In 1897, the nineteen-year-old Yurovsky led the first workers' strike Tomsk had ever seen. Arrested, he served only a few months in prison, but on his release he found that he was no longer welcome at his old job in the watchmaker's shop on Post Office Street, or at any other watch or jewelry shop in the city. His participation in the strike marked him as an outcast in the city, and a revolutionary in the eyes of the Imperial regime. He wandered across Siberia, eventually settling in Ekaterinburg shortly after the turn of the century. Here, he found a position at a jeweler's shop and met his future wife, whom he married in a 1904 in a traditional Orthodox ceremony. Then came the 1905 Revolution, an event that had a profound effect on the burgeoning revolutionary. His ideology was one of idealism, not yet infused by war and revolution. The birth of his children only heightened his sense of injustice. "My children," he later wrote, "deserved a life different from the one I was forced to live, a life of freedom and hope." Such sentiments led him to join the Bolshevik Party in 1905. Eventually Yurovsky took his family and fled to Europe, where he lived in Berlin. During this time, he converted to the Lutheran Church, a mysterious move that remains unexplained. His religious attitudes remained ambivalent, as they did with many born into the Russian Orthodox Church who later turned to revolution. In a letter to his children written shortly before his death, he railed against religion, echoing the official Soviet line. Yet just three days before he shot the Imperial Family, he commented to a visiting priest, "It is important that one must pray, and one must save one's soul." It remains-like the man himself-an historical enigma.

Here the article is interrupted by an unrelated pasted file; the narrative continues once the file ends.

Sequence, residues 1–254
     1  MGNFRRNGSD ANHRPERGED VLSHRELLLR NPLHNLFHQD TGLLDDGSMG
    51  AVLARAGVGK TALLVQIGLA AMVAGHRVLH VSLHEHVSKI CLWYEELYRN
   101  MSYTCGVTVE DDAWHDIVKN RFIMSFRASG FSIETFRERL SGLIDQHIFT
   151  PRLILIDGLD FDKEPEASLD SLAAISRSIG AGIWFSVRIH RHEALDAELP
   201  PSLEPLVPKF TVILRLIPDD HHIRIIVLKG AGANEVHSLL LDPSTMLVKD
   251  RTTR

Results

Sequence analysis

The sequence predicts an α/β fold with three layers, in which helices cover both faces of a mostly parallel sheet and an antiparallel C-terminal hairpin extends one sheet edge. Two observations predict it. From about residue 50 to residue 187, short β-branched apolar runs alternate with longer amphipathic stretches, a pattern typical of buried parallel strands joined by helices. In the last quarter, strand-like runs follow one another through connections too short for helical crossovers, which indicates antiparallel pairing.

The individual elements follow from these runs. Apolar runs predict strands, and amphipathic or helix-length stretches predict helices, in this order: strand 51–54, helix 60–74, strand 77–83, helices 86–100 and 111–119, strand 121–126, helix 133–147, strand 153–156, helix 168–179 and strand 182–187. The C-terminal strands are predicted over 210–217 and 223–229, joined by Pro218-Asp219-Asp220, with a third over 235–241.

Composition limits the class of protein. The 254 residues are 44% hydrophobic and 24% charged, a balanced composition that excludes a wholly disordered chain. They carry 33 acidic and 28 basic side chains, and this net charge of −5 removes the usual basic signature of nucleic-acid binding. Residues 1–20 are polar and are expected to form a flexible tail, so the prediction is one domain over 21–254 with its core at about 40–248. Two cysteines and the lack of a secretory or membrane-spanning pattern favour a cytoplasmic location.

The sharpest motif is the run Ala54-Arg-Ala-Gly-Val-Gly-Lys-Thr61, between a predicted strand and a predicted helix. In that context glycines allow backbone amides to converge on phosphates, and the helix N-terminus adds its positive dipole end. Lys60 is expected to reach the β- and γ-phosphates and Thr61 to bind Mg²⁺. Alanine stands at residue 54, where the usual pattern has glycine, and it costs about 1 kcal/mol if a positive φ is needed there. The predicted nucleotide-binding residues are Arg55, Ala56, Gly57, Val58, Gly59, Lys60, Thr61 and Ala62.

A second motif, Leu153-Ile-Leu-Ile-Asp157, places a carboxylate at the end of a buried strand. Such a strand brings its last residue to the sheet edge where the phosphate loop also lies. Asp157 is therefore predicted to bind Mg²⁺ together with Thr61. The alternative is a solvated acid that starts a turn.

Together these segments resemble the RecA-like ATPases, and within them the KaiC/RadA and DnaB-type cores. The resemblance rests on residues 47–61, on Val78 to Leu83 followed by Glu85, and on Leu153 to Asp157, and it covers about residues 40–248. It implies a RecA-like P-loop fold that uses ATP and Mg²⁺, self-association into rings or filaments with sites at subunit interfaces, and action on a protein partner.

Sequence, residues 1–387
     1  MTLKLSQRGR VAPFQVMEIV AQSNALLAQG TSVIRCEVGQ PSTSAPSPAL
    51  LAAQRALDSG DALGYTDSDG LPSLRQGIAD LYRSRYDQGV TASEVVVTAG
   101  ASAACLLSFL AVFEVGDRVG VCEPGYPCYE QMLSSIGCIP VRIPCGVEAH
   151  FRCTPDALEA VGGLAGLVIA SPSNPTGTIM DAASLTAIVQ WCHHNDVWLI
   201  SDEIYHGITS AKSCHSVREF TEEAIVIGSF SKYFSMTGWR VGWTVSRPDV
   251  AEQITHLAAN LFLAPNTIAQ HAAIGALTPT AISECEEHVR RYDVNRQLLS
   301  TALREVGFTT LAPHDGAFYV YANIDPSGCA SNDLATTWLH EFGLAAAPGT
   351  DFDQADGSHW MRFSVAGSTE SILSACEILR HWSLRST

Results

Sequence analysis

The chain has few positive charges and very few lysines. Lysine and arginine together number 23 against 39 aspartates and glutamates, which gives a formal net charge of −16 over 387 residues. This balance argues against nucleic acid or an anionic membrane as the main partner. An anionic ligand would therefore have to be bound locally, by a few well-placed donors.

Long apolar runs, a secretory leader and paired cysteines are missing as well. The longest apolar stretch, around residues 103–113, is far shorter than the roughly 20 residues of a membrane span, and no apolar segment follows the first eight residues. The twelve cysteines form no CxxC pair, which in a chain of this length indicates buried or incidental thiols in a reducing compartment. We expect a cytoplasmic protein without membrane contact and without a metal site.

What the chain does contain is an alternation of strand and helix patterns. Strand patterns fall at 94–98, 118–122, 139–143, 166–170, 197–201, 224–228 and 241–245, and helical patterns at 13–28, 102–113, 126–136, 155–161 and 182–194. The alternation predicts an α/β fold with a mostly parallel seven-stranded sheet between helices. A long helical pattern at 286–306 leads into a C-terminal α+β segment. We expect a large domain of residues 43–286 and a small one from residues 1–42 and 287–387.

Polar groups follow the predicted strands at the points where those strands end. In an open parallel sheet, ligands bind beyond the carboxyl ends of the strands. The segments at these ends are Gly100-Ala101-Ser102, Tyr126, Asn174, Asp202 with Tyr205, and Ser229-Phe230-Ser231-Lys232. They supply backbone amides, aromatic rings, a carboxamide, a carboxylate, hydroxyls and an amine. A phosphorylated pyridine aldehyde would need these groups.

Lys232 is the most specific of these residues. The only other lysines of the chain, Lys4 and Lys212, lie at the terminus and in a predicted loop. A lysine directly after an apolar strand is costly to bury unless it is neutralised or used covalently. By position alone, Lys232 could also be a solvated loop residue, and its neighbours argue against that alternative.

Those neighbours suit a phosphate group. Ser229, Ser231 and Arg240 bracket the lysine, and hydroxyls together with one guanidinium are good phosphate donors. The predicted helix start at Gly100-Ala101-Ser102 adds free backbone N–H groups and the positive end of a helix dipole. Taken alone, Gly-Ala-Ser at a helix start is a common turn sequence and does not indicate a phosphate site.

Yurovsky was back in Russia in 1912, working in the underground Bolshevik movement when Okhrana agents arrested him; the evidence against him, however, was minimal, and he was simply exiled to Ekaterinburg, where he set up his own photographic studio. In 1915 he was drafted into the Russian Army; rather than join the ranks of ordinary soldiers, he signed up for medical training and was assigned to the 198th Perm Infantry Regiment as a field hospital orderly. He took part in the disastrous Carpathian campaign, one of the most bloody and destructive misadventures in the War. The carnage hardened Yurovsky. "He lost his decency in the Army," remembered one man who knew him well. With the outbreak of the February Revolution, he deserted the Army, returning to Ekaterinburg where in the fall of 1917 he became one of the founding members of the Ural Regional Soviet. He was appointed Deputy Regional Commissar of Justice, and joined the Regional Cheka.